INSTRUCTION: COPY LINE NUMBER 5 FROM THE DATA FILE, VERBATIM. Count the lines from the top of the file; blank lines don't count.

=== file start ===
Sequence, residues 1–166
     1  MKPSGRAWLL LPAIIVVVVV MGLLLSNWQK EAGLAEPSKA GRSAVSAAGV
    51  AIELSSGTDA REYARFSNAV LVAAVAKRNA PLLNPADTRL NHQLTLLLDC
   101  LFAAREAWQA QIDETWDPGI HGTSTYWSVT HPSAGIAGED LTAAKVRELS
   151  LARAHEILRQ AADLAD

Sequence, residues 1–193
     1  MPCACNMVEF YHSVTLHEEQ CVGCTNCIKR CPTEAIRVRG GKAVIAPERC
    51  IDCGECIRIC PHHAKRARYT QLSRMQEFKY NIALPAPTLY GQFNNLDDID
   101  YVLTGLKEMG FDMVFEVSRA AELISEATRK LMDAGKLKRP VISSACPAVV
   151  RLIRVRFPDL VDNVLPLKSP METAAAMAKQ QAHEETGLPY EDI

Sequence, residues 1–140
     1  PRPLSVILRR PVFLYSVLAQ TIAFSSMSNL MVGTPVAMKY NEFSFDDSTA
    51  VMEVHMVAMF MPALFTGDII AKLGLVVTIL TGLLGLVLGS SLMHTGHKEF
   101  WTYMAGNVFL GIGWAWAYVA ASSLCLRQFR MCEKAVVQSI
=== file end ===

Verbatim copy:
   151  LARAHEILRQ AADLAD